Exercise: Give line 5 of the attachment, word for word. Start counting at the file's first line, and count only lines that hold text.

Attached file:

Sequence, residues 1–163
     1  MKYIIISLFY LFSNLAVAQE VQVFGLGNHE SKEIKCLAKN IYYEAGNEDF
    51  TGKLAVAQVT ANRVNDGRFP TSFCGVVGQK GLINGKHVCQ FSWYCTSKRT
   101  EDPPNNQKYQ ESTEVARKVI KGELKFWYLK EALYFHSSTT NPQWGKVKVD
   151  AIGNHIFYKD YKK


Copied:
   151  AIGNHIFYKD YKK